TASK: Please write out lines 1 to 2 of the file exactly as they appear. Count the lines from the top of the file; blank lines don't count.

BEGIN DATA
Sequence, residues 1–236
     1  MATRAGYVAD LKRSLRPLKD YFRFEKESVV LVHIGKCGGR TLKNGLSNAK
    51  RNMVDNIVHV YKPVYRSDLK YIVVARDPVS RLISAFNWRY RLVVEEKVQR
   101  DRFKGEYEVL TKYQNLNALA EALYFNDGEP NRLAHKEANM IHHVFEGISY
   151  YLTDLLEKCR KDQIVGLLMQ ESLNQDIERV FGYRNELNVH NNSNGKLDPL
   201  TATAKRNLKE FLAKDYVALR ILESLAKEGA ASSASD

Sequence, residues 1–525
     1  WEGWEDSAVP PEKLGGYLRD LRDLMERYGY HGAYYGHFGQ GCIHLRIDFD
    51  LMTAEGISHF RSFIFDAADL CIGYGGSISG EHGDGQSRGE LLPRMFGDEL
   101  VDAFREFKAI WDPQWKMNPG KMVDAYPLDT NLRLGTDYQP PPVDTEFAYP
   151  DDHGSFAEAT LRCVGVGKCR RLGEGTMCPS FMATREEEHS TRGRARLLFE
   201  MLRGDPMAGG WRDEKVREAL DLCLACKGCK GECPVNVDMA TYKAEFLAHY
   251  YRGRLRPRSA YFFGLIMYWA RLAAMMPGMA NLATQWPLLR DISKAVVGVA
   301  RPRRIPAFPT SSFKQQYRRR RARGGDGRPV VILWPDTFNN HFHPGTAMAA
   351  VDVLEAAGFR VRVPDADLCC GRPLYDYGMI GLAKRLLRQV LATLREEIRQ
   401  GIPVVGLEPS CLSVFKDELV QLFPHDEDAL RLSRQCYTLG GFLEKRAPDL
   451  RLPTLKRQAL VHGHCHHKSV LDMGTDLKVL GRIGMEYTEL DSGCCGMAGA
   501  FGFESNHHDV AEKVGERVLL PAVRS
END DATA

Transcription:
Sequence, residues 1–236
     1  MATRAGYVAD LKRSLRPLKD YFRFEKESVV LVHIGKCGGR TLKNGLSNAK